blown motorized bike carnage!

Discussion in 'General Questions' started by thunderhead289, Mar 22, 2014.

  1. thunderhead289

    thunderhead289 New Member

    finally granaded off the motor. the rings look pretty bad as I am pretty sure they( with all the blowby) had something to do with it.

    here is the video of the engine carnage, enjoy

  2. cpuaid

    cpuaid Member

    I have 3 blown HT engines that i never even bothered to disassemble and found the video very informative. 2 of mine blew less than 1000 miles, 1 at a little over 2000 miles. at least you were able to get 1800 miles out of yours. thanks for sharing.
  3. EastSideRider

    EastSideRider New Member

    my piston keeps getting i've had the engine for a month maybe more been trouble shooting ever since doesn't have a mile on it what should i do PLEASE SOME ON HELP
  4. butterbean

    butterbean Well-Known Member

    Your piston keeps getting what? Very hard to understand your post.
  5. darwin

    darwin Well-Known Member

    Do you think those 2 strokes grenade because of running them lean with oil in the mix? Landscaping cos abuse their 2 stroke stuff and they seem to go from year to year running till they wear out.
  6. thunderhead289

    thunderhead289 New Member

    they grenade because they are usually poorly balanced and are under a load much greater than most lawn 2 strokes.

    these engines are just loose. when you think of the run time of the bikes under a load vs the lawn 2 strokes under a load, they are roughly the same. oil and air fuel ratio have little to do with it as long as they are adjusted marginally correct.
  7. butre

    butre Well-Known Member

    Landscapers rarely hit 3000 rpm though, it's not unheard of for people to push 7 or 8 thousand RPM with a ported jug
  8. thunderhead289

    thunderhead289 New Member

    and the fact that we consistently run at 4 to 6 grand normally with minimal cooling fins compared to your average two stroke
  9. Fabian

    Fabian Well-Known Member

    My experience is that once you move away from 25:1, the life of a Chinese 2-stroke centre mounted bicycle engine decreases significantly when asking the engine to deliver continuous output at close to maximum usable power.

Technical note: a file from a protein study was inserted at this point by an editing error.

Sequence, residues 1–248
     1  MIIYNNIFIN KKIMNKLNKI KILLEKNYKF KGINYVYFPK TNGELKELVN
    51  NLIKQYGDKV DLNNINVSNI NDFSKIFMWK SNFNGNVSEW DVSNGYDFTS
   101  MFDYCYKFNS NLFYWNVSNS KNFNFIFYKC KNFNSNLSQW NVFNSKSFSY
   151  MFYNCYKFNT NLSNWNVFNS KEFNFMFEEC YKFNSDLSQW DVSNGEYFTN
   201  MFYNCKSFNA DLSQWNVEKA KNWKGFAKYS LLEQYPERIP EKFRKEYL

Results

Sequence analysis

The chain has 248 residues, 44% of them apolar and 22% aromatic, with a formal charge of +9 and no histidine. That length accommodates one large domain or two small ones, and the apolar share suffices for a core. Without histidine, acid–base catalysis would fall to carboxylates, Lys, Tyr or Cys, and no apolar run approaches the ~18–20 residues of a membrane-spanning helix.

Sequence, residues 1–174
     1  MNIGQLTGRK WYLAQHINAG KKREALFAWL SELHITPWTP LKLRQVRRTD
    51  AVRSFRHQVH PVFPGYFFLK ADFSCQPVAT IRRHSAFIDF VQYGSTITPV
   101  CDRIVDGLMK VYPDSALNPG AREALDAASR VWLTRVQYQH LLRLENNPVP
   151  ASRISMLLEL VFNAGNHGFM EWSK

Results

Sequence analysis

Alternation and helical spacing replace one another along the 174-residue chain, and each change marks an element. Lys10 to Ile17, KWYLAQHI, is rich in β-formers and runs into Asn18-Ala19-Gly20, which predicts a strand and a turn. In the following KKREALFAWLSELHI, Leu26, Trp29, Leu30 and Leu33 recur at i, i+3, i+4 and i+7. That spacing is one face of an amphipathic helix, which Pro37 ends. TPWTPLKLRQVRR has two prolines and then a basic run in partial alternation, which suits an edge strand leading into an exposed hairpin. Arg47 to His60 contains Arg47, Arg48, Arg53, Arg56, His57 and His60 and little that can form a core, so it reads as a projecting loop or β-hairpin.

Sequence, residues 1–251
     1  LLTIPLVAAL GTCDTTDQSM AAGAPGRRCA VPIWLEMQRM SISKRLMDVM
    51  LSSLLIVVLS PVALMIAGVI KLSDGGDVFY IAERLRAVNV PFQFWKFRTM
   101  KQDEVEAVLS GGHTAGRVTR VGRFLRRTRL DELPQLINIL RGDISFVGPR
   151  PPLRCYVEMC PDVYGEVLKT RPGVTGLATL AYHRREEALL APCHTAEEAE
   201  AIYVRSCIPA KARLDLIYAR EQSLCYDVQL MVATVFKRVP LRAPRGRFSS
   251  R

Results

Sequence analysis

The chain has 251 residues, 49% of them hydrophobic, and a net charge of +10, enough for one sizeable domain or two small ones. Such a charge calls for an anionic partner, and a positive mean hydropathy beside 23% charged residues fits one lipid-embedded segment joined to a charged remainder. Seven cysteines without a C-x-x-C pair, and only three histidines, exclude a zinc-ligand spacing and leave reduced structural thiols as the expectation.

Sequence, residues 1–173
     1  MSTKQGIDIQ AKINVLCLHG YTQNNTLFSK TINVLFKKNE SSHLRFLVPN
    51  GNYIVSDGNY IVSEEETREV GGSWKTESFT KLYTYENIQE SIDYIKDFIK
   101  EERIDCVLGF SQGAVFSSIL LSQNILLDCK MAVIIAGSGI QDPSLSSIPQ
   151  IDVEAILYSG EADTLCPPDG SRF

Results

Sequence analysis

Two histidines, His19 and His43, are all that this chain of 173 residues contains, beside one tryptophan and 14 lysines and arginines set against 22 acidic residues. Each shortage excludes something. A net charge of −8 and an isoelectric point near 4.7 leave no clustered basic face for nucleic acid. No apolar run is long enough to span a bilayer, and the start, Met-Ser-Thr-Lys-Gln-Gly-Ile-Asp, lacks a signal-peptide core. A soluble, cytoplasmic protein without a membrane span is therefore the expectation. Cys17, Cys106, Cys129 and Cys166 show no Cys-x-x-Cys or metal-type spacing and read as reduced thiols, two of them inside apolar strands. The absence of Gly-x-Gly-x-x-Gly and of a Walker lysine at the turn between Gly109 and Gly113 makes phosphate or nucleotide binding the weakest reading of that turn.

10. jaguar

    jaguar Well-Known Member

    for the benefit of all I hope that anyone who has had a blown engine will share all details such as
    engine oil used
    at what ratio
    size engine
    any modifications to engine (compression increase, porting, carburetor, exhaust pipe)
  11. thunderhead289

    thunderhead289 New Member

    -25:1 oil ratio
    -66cc (generic but not bgf)
    -boosted compression by shaving my original head
    -carburetor set to one notch richer on slide pin
    1 hole drilled through my old-style exhaust pipe baffle tube for a very slight increase in flow due to the compression increase.
    -boost bottle
    -wallmart brand 2 stroke oil (yeah I know shame on me)

    rings were pretty worn down. minimal carbon for such mileage. ran it good and rich, just ran it pretty hard in the rpm's. lasted many miles for what I put it through. rings failed due to the fact that they are simple iron rings. I do SBF & SBC builds and always use moly coated rings(what all cars run today). those iron rings only last 80 thousand on a car tops and they aren't running between 3500 to 5500 rpm none stop.

    wristpin wear was very very little despite the deformed wristpin. could not feel any up and down play in the connecting rod.

    ran darn good right up until its final wheelie. was actually still running on that junk, I just shut it down because I knew it was had and did not want shavings going into crankcase.

    bottom end is still very solid. 35 dollars in parts waiting at home to completely redo the top end. will make a vid on that when I do it so all can see how that's done.

    there I do believe I have explained myself.
  12. jaguar

    jaguar Well-Known Member

    you mentioned worn out rings but not what actually caused you to want to shut it down and then rebuild it